Why The Job Of Brand Safety Keeps Getting Tougher

As threats to brand safety mushroom, brand management teams increasingly find themselves stuck in whack-a-mole mode.

At GroupM, a leading global media investment firm, EVP of Brand Safety John Montgomery leads the charge to cultivate effective brand safety best practices. I recently asked him to shed light on his priorities.

Paul Talbot: When you consider the challenges of nurturing and safeguarding brand safety, what tops the list?

John Montgomery: If you had asked this question a few years ago, the major client concern would be how to keep brands from appearing adjacent to inappropriate content.

Now, clients are concerned about the broader issue of keeping harmful content off the web and how to help make social platforms, in particular, safer for users. A good example of this is when LoopMe issued its ‘Hate-Free Promise’ to advertisers to ensure their ads would not appear adjacent to harmful content.

Talbot: What happens when the objectives of brand safety move beyond tech? If the objective is to protect brand equity and cement consumer trust, what else besides tech considerations needs to be happening to achieve these goals?

Montgomery: Brand safety has been focused on digital because the advent of behavioral targeting and automation has made it the most vulnerable. And brand safety isn’t just about adjacency, it extends to any risk a brand may face in the digital supply chain such as invalid traffic, viewability, privacy and data integrity.

Risks have always existed beyond digital. For example, when Bill O’Reilly becomes a toxic property, when an influencer jokes about suicide and when a brand gets tangled up in disinformation on a platform like Fox or NewsMax.

Talbot: Your brands are in the homes of a nation that is not only polarized politically, but often dismissive of fact and truth. How do you suggest brand management teams navigate these difficult waters?

Montgomery: GroupM has a process called a risk analysis that it takes its clients through to help them understand the risks, rewards and implications of advertising on various channels.

Brands can limit their risks to virtually zero, but that comes with significant implications to cost efficiency and reach. But I don’t think that we have seen the worst of the risk that brands face by exposure to disinformation, both potentially about the brands themselves or about brands having to choose sides that could alienate a portion of their target market.

We began the process of brand risk assessment in 2017 to help our agency teams consult with clients on how they should interpret their brand values into digital strategies and implementation tactics.

§ Beyond brand safety, how can we apply a brand suitability model to align messaging with the most appropriate, brand safe environments?

  • Is the brand only concerned with audience delivery?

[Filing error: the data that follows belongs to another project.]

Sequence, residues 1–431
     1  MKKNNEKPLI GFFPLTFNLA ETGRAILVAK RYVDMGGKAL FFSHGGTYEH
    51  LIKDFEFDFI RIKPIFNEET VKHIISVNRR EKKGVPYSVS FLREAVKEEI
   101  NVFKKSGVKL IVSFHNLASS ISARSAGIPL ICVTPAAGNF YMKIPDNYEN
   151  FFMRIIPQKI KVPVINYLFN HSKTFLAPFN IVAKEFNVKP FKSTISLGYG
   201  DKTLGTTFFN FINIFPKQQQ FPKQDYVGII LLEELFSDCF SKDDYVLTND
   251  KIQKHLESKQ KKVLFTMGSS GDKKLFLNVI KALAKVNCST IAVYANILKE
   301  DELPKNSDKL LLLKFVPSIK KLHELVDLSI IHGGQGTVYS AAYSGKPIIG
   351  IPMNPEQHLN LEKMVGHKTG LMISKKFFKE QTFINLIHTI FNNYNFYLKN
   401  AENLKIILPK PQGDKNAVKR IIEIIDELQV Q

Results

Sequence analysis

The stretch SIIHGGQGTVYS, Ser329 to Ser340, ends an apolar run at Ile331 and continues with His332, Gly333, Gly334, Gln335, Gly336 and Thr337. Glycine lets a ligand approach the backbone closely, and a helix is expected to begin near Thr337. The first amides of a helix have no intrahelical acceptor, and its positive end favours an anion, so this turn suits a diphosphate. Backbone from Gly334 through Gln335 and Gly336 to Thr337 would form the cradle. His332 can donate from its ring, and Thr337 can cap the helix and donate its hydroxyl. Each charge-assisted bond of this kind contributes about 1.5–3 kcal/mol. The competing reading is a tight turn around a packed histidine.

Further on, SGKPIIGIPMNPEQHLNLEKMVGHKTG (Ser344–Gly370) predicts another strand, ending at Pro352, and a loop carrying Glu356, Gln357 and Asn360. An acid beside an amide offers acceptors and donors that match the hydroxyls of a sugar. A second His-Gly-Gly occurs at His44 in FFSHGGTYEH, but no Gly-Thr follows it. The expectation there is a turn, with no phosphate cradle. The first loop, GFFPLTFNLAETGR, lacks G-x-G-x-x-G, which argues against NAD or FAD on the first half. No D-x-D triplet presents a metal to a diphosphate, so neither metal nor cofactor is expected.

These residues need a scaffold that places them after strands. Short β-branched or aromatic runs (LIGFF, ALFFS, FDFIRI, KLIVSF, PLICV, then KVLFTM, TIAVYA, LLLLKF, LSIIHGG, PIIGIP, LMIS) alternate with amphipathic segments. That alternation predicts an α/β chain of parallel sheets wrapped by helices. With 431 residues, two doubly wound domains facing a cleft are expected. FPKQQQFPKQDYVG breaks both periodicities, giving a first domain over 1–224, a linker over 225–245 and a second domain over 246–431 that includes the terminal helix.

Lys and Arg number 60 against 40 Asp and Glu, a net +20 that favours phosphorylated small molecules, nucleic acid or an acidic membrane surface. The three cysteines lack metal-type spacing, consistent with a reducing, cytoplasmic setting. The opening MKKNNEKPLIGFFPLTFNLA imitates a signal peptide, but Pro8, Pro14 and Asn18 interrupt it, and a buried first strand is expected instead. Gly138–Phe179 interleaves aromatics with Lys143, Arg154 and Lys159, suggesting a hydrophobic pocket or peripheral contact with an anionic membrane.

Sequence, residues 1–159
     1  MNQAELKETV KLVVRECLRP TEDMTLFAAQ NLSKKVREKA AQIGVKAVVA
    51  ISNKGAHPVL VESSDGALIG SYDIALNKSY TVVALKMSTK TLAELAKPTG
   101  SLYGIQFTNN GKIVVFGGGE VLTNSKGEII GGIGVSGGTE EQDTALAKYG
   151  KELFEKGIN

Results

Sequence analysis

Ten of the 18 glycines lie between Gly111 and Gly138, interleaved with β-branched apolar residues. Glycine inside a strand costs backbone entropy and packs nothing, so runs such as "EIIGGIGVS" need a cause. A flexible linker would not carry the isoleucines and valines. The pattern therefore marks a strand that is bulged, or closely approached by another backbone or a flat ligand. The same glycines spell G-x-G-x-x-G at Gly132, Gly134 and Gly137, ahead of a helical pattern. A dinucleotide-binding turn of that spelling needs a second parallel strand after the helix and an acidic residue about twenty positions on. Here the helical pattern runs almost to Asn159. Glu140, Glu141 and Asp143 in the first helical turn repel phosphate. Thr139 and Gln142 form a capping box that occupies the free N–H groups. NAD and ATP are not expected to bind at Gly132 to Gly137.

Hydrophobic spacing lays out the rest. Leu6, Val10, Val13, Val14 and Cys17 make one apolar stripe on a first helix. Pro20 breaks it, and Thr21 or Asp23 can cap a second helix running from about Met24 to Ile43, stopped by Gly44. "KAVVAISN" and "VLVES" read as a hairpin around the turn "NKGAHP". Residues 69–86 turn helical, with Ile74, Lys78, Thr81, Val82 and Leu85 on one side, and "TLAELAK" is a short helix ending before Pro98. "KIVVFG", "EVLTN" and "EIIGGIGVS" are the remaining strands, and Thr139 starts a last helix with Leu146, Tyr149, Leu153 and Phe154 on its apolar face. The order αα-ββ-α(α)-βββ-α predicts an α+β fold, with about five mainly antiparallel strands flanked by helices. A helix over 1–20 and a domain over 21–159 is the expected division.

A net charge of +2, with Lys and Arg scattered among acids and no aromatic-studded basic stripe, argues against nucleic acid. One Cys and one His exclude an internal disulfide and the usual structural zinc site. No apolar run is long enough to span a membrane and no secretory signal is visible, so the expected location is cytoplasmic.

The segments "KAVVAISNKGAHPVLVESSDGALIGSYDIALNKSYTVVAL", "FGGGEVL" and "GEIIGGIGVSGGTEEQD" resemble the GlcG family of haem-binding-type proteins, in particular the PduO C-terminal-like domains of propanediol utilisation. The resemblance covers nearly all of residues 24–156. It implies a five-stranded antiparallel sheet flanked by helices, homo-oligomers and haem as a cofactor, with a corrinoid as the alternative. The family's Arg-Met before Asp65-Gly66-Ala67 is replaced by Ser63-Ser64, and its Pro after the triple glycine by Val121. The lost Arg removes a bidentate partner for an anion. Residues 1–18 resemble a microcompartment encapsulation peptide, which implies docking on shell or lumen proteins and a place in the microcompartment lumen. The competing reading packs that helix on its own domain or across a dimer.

• Is performance our primary objective, or should we compromise some of that potential performance to protect brand equity and support a safer ecosystem that denies revenue to fraudsters, pirates, and misinformation purveyors?
  • Is avoiding direct adjacency to distasteful or negative news enough to satisfy my communication needs while preserving our brand values?
  • Do I want to use my media schedule to send a signal to potential partners that protecting brands is not enough, that consumer safety is paramount, that bias against protected groups, digital privacy, and the aggressive elimination of child endangerment, hate speech, graphically obscene content and irresponsible treatment of debated social issues must be elevated to the status of priority above and beyond revenue generation?

The GroupM brand safety risk assessment is designed to help our agencies and clients determine a balance of tolerance vs. tactics, to guide media planning and buying decisions across the digital ecosystem.

New targeting and verification capabilities and publisher and platform responsiveness have improved our ability to navigate in programmatic, paid social, paid search, emerging platforms and influencer environments while minimizing risk.

Talbot: Historically, leading brands have at times strived to serve as unifiers. We’ve seen this with products ranging from Coca-Cola to Chevrolet. Where do creative campaigns with unifying as a theme fit into the mood of the times? Do they pose a risk to brand safety through unintended but possible polarization?

Montgomery: Brands can play an exciting creative role with social issues – just look at the great work P&G has done with gender and race. But brands are also doing a fantastic job in media by addressing harmful content on the web through the GARM (Global Alliance for Responsible Media), which has unified the industry – marketers, agencies, associations and media behind a single approach to address harmful content.

Talbot: Any other insights on brand safety you’d like to share?

Montgomery: Of course 🙂 One way of helping to address disinformation and polarization is to get more journalists with feet on the ground in local communities reporting on real facts.

Local news has been pulverized by the shift to digital and most recently the pandemic. The marketing industry should support news, not just to save journalism but because it’s an effective medium, engendering trust in the local communities where consumers shop for marketers brands and by delivering a better quality digital impression.

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